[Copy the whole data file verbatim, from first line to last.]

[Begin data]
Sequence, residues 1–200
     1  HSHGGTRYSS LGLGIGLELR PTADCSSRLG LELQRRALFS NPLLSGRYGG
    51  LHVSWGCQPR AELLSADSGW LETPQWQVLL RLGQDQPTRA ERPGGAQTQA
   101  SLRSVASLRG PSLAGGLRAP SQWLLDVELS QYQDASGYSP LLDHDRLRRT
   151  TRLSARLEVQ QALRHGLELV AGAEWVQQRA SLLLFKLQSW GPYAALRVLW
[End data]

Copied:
Sequence, residues 1–200
     1  HSHGGTRYSS LGLGIGLELR PTADCSSRLG LELQRRALFS NPLLSGRYGG
    51  LHVSWGCQPR AELLSADSGW LETPQWQVLL RLGQDQPTRA ERPGGAQTQA
   101  SLRSVASLRG PSLAGGLRAP SQWLLDVELS QYQDASGYSP LLDHDRLRRT
   151  TRLSARLEVQ QALRHGLELV AGAEWVQQRA SLLLFKLQSW GPYAALRVLW